I hope that Yushchenko will win. It’s not just Yushchenko himself, but it is that he is the Ukrainian people’s choice. Through the Ukrainian election, we learn that people in the Soviet sphere are able to demonstrate their true voices. He is their hope for the future and it shows that and an example of a people’s president. People’s opinions and voices were heard in this election. His voice will be their voice, and it is great that people’s voices can be heard through their president. But there are other things that worry me. What worries me is how Yushchenko and administration are going to deliver all their promises to the people and keep the trust of the people at the same time. In my opinion, the best reward for an elected politician is to maintain the trust of the people. There is nothing higher than this. The highest reward for a politician is when people trust you with their lives, their children’s lives and their future. In my opinion, this is even higher that winning a Nobel prize.
Well, it is very important how you deliver your promises. Unfortunately, we had a bad lesson when the people chose Yeltsin, and how that turned out to be a failure. Yeltsin left people, economically, in a horrific state. It is important for Yushchenko to put aside the government self-interests and do everything to improve the lives of the people. Whatever reforms they make, it should be to improve people’s lives. Before he does any reforms he must make sure he defends the interests of the common people-the people who chose him, … that he remains true to his promises. Within the Soviet sphere it is very important that we find a hero. I hope that he (Yushchenko) will become a hero. We cannot talk about Jefferson, Adams, or Franklin (when it comes to the Soviet sphere) we need our own hero. When we talk about our hero, we can only talk about Andrei Sakharov. And when we compare and talk about heroes in other countries, we say he is like their Sakharov. We need a hero. I hope that life will continue, that life will remain normal, and that the people will rule the country in the end.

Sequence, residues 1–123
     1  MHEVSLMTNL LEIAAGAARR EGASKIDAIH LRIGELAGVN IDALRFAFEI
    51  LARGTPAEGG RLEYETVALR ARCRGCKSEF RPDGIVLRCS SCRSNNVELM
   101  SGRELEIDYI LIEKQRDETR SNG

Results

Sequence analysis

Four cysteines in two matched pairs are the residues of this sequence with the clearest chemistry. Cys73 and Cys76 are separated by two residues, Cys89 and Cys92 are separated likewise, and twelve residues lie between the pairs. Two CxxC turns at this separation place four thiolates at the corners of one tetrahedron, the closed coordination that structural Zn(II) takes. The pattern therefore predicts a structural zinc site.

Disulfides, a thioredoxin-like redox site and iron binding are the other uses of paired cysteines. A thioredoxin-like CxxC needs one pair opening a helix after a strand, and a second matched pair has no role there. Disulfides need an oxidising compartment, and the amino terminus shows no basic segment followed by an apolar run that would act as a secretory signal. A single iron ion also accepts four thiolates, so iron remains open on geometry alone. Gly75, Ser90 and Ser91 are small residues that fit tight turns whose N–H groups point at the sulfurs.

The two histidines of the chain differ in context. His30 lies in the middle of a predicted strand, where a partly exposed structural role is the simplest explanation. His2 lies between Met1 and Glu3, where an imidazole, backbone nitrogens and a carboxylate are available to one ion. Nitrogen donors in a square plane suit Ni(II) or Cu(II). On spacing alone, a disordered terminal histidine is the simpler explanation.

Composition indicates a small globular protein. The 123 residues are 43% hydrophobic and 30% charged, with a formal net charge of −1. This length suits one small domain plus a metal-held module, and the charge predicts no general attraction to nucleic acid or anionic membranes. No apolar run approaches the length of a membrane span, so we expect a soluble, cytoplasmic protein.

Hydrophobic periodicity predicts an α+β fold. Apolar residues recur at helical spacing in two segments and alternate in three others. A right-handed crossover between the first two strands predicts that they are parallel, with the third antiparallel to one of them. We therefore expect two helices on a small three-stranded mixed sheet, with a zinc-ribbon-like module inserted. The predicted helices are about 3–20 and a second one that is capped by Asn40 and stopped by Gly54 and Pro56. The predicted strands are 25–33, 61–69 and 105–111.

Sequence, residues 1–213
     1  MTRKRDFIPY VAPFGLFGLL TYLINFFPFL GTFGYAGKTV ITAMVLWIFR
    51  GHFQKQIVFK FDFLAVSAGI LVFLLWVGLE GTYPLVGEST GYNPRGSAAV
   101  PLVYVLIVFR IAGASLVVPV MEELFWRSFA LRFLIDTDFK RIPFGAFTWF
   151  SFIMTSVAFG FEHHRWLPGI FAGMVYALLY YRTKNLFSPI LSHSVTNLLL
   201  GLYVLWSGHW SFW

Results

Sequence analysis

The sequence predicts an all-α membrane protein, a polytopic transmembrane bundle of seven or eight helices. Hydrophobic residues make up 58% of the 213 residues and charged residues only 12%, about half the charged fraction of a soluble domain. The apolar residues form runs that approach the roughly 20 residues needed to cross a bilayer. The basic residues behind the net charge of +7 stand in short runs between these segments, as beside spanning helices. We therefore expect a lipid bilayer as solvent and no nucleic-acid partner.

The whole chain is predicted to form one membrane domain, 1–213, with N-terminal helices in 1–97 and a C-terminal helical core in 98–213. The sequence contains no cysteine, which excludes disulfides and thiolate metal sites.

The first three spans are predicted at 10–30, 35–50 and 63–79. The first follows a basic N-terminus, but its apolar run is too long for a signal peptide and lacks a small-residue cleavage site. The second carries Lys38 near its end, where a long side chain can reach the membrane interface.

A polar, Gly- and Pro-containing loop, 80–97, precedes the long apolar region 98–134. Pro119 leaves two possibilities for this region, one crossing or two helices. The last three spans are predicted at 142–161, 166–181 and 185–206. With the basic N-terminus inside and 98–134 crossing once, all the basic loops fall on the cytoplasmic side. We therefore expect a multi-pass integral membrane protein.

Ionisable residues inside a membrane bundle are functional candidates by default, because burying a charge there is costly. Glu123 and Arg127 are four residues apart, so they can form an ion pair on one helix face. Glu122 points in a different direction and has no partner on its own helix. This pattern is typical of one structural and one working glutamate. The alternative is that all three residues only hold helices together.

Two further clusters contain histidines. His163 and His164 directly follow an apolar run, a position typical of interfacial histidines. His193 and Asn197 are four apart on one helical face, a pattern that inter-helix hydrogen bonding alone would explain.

-What do you find to be other Central Asian oppositions? Kazakhstan…..
2. Did Tajikistan’s democratic elex get enough support and attention from World Community, as Ukraine does today?
One more difference between Tajikistan and Ukraine is while I had enthusiasm in Tajikistan, Yushchenko and his team have money. In Tajikistan we had enthusiasm and a sense of romanticism. In the sense that the Ukraine and Kazakhstan have media and money behind them, these two elections are very similar. Kazakhstan had the best economic reforms out of all the republics, even more so than Russia, especially with the help of ex-government officials. This was the best way to democracy because it made people happy and people wanted more things to change. To change and improve things economically is the best way to democracy. We saw the best exampled of this is South Korea when the middle class rose up. It was not enough for them what they had on the table day in and day out. They wanted freedom and this began the process of democracy and the pushing out of dictators.